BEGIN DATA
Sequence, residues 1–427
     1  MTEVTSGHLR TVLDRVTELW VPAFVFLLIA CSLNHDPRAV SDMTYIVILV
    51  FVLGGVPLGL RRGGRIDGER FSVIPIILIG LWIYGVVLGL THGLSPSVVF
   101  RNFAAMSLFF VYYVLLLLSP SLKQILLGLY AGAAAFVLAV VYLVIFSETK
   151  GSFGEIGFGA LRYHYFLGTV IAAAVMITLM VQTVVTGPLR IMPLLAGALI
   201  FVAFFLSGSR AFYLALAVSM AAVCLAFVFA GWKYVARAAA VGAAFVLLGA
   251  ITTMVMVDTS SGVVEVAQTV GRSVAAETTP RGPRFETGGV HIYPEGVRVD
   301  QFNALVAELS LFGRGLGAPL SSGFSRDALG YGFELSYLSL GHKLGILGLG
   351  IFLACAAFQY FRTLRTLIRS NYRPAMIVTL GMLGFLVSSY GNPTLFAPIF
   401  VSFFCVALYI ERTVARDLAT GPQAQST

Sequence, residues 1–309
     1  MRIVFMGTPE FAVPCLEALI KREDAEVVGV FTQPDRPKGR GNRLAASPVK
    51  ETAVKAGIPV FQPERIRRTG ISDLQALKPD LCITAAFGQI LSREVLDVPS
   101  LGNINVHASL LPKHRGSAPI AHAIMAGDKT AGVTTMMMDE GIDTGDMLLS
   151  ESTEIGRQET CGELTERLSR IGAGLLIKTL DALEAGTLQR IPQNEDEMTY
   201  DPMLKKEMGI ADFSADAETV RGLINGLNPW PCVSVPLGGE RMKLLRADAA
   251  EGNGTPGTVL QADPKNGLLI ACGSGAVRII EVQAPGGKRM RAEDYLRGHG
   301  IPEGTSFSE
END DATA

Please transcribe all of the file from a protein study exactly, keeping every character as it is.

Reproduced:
Sequence, residues 1–427
     1  MTEVTSGHLR TVLDRVTELW VPAFVFLLIA CSLNHDPRAV SDMTYIVILV
    51  FVLGGVPLGL RRGGRIDGER FSVIPIILIG LWIYGVVLGL THGLSPSVVF
   101  RNFAAMSLFF VYYVLLLLSP SLKQILLGLY AGAAAFVLAV VYLVIFSETK
   151  GSFGEIGFGA LRYHYFLGTV IAAAVMITLM VQTVVTGPLR IMPLLAGALI
   201  FVAFFLSGSR AFYLALAVSM AAVCLAFVFA GWKYVARAAA VGAAFVLLGA
   251  ITTMVMVDTS SGVVEVAQTV GRSVAAETTP RGPRFETGGV HIYPEGVRVD
   301  QFNALVAELS LFGRGLGAPL SSGFSRDALG YGFELSYLSL GHKLGILGLG
   351  IFLACAAFQY FRTLRTLIRS NYRPAMIVTL GMLGFLVSSY GNPTLFAPIF
   401  VSFFCVALYI ERTVARDLAT GPQAQST

Sequence, residues 1–309
     1  MRIVFMGTPE FAVPCLEALI KREDAEVVGV FTQPDRPKGR GNRLAASPVK
    51  ETAVKAGIPV FQPERIRRTG ISDLQALKPD LCITAAFGQI LSREVLDVPS
   101  LGNINVHASL LPKHRGSAPI AHAIMAGDKT AGVTTMMMDE GIDTGDMLLS
   151  ESTEIGRQET CGELTERLSR IGAGLLIKTL DALEAGTLQR IPQNEDEMTY
   201  DPMLKKEMGI ADFSADAETV RGLINGLNPW PCVSVPLGGE RMKLLRADAA
   251  EGNGTPGTVL QADPKNGLLI ACGSGAVRII EVQAPGGKRM RAEDYLRGHG
   301  IPEGTSFSE